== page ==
June 24, 2007
June 24, 2007
June 27, 2007
12.473.1 - 12.473.5
Designing Tracks for Industrial and Systems Engineering Majors
The breadth of potential employers for graduating industrial engineers is staggering these days. Traditional avenues of manufacturing, production, and consulting jobs are being supplemented by those in logistics, energy, health care, finance, information technology, and government sectors. According to employers, industrial engineers are sought for problem solving skills, quantitative abilities, and business skills, but it is clear that some exposure to work in that area before graduation – either in or out of the classroom – is appreciated. This has led our department to define tracks of courses tailored to possible careers, such as logistics and supply chain management or financial engineering, for students in their junior and senior years. This enables students to market themselves according to their career objectives, as they can identify a degree (Industrial Engineering (IE) or Information and Systems Engineering (ISE)) and an area of specialty, if they so choose. In addition to defining the different tracks and envisioned careers paths, we identify ways in which to facilitate this increase in course offerings through partnering with industries and other departments, often in other colleges.
Industrial engineering has evolved greatly as a profession over time, moving from strictly applying methods in manufacturing to working heavily in the service industry as evidenced by industrial engineers (IEs) now routinely being hired by logistics firms, health care agencies, and even Wall Street firms. In our meetings with potential recruiters, including major consulting firms, transportation companies, financial firms, health care providers, and manufacturers, it is clear that employers seek out IEs for their quantitative tools (probability, statistics, operations research tools), technology skills (databases, computing), general IE knowledge (process mapping, IE methods, human factors) and exposure to business skills (accounting, engineering economics). However, it has also been made clear that if students want to move into a particular application area, such as finance, then it is advantageous for them to acquire some aptitude in that area. For example, a recent recruiting team from Lehman Brothers told us that they are extremely interested in IEs that have taken courses in finance or at a minimum, are members of the student finance club. We have received similar input from health care providers.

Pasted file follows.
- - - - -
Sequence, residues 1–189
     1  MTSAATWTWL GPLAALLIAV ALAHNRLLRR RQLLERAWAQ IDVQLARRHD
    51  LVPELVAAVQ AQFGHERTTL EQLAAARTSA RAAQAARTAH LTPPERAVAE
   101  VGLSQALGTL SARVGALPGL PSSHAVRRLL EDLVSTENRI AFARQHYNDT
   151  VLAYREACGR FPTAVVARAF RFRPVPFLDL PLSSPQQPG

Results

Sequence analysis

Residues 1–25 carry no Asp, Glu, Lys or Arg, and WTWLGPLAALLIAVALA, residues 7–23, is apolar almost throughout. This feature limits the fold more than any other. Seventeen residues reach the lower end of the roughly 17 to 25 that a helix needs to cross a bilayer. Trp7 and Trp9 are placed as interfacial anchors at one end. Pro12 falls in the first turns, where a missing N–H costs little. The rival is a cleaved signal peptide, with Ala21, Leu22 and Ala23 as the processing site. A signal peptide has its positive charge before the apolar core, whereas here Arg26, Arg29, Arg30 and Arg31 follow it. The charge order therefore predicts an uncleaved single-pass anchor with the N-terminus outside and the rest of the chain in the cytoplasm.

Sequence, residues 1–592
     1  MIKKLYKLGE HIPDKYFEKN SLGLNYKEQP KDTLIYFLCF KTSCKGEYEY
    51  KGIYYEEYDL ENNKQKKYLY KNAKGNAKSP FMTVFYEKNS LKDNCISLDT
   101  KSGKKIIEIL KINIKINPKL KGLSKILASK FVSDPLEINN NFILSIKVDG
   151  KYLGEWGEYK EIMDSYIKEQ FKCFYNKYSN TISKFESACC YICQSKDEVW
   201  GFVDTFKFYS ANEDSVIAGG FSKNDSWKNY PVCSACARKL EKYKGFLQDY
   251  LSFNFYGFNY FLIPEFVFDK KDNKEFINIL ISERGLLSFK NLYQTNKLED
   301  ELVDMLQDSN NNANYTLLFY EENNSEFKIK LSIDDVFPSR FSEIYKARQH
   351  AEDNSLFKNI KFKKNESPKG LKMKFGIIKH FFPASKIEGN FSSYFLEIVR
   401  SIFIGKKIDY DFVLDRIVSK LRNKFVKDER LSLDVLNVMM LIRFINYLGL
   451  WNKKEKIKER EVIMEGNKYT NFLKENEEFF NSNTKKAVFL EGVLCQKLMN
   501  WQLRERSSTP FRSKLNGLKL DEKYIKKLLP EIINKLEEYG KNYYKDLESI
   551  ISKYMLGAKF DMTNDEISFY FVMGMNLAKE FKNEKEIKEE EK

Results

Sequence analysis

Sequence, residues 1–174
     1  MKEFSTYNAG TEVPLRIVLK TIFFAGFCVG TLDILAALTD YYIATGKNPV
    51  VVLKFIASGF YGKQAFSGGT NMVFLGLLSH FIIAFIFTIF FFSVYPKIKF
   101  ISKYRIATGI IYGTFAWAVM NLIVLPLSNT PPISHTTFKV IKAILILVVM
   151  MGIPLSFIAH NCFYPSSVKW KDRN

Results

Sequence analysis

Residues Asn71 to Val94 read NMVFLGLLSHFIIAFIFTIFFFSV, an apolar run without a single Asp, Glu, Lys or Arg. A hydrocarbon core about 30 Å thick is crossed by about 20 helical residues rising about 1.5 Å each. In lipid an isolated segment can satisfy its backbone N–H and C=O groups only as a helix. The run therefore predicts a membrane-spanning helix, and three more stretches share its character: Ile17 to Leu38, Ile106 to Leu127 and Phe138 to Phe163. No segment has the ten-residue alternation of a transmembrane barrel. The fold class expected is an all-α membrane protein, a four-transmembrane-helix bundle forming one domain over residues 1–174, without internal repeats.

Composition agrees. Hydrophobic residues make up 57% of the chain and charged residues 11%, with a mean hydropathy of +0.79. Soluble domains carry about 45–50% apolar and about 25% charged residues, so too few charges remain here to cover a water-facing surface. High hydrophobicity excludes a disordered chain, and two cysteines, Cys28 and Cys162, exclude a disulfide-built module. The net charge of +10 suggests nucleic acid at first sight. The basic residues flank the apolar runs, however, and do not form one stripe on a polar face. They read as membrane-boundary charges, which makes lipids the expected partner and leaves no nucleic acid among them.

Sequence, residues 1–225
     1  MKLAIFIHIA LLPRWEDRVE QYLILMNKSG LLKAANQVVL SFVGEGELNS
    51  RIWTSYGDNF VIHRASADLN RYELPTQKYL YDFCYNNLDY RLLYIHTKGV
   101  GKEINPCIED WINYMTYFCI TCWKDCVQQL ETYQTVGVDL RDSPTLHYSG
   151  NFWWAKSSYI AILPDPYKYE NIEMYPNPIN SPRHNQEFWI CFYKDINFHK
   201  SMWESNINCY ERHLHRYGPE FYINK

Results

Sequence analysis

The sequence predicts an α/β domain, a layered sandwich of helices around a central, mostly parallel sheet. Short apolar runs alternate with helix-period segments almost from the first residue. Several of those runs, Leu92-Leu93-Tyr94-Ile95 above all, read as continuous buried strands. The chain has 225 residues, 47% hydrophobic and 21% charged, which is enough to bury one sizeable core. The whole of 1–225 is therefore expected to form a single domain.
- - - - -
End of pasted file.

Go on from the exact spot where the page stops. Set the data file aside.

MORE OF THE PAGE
Thus, as a department, we have taken a close look at our curriculum to ensure that it provides the solid foundation that every graduating IE requires to be successful but also provides enough breadth and flexibility such that a student can tailor a career path if they so desire. We have enabled this vision through two steps: 1. Increasing the number of electives. The main intent of this was to allow students to seek further education outside of our department, such as pursuing a minor in economics or international relations, for example. 2. Defining career tracks with suggested courses to be completed with in-department electives and/or technical out-fo-department electives. It should be noted here that a student is not required to define a track and complete courses in a given area. Rather, our curriculum only requires that a student take 4 elective courses at the 300
Hartman, J., & Tonkay, G. (2007, June), Designing Tracks For Industrial And Systems Engineering Majors Paper presented at 2007 Annual Conference & Exposition, Honolulu, Hawaii. 10.18260/1-2--2460
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